The world's pharma and biopharma companies are sprinting to develop hundreds of treatments for COVID-19 and vaccines for SARS-CoV-2. Almost half of those have been pitched to drug manufacturer Catalent (NYSE:CTLT), which helps customers to safely and efficiently produce small molecule and biologic drugs in volumes sufficient for clinical trials all the way up to commercial sales. 

Investors have rewarded the company's position in the global value chain by pushing the stock to all-time highs. It helps that the contract development and manufacturing organization (CDMO) has inked deals to produce the potential SARS-CoV-2 vaccines from Arcturus Therapeutics and Johnson & Johnson. Although, to be fair, Catalent was on a promising trajectory before the health crisis began. 

Given all of the moving parts, investors might be wondering if the momentum proves sustainable when the coronavirus pandemic runs its course. Is this growth stock a buy?

A businessman standing in front of a chalkboard with a question mark in a thought bubble drawn on it.

Image source: Getty Images.

The argument in favor

Catalent is one of the preeminent drug manufacturers globally. Each year, the company manufacturers 73 billion doses of drug and health products for 7,000 customers. It counts 83 of the world's top 100 branded drug companies as customers, including 21 of the top 25 generic drug companies and 23 of the top 25 biologic drug companies.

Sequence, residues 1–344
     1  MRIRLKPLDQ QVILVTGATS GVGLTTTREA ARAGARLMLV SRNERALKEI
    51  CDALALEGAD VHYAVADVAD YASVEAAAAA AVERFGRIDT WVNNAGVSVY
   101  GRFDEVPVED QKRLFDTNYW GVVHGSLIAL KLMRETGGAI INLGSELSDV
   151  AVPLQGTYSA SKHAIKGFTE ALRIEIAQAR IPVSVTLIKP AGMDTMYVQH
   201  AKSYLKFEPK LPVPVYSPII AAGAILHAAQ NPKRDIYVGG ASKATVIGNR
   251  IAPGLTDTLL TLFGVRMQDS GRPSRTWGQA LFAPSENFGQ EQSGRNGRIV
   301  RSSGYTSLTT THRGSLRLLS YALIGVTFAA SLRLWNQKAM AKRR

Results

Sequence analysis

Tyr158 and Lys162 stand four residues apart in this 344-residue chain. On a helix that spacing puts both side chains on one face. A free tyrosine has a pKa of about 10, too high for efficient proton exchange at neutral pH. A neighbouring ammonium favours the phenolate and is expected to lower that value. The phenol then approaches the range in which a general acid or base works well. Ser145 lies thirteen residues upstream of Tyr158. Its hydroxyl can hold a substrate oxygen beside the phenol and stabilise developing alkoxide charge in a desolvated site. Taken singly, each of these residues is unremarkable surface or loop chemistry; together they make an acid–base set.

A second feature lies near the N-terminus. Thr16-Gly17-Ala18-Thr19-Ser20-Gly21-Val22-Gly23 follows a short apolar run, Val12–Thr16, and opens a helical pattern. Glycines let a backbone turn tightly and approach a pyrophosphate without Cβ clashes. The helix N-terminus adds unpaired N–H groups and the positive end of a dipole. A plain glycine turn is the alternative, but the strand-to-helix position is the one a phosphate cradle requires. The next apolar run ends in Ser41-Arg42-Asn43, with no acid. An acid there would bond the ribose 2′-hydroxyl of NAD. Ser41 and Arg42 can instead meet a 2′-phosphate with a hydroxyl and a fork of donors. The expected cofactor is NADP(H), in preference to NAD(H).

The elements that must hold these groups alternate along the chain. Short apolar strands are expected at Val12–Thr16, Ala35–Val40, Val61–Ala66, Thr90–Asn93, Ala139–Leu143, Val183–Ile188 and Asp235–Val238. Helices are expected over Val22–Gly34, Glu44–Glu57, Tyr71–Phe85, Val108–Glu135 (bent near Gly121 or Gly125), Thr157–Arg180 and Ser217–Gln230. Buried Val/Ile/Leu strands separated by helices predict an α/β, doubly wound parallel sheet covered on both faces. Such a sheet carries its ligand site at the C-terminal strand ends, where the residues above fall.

The company can trace its roots back to the introduction of its softgel capsule technology in the 1930s. Still a leader in softgel delivery technology today, Catalent has since expanded into quick-dissolve tablets, liquid dosing technologies, gene therapy vectors, and cell therapy platforms. 

The recent acquisitions of Juniper Pharmaceuticals, Paragon Bioservices, and MaSTherCell have positioned the business to become a leader in high-growth biologic drug markets. Investors have realized instant results. In the first nine months of fiscal 2020, Catalent's biologics segment grew revenue 67% compared to the year-ago period. Total revenue grew 20% in that span. 

The 2020 coronavirus pandemic has highlighted the prudent timing of the company's recent focus on building out biologic drug manufacturing capabilities. Pharma and biopharma companies around the globe have approached Catalent with 100 opportunities and 90 unique molecules specifically aimed at treating COVID-19 or inoculating against the SARS-CoV-2 virus. By the company's estimate, that represents nearly 45% of the product candidates in active development aimed at the health crisis. 

Catalent is quickly scaling operations to meet customer demand. It has hired 300 additional personnel to maintain 24/7 manufacturing schedules. It also announced high-profile partnerships to manufacture SARS-CoV-2 vaccine candidates from Arcturus Therapeutics (scaling to provide hundreds of millions of doses annually) and Johnson & Johnson (scaling to provide an undisclosed number of doses). 

With or without a sustainable bump in long-term revenue from coronavirus vaccine manufacturing, Catalent has solid growth opportunities in biologic drugs. In fact, there are over 1,550 clinical trials under way involving monoclonal antibodies, gene therapies, and cell therapies alone. Investors looking for a lower-risk way to tap into the growth of biopharmaceuticals might find this stock to be a great fit. 

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Image source: Getty Images.

The argument against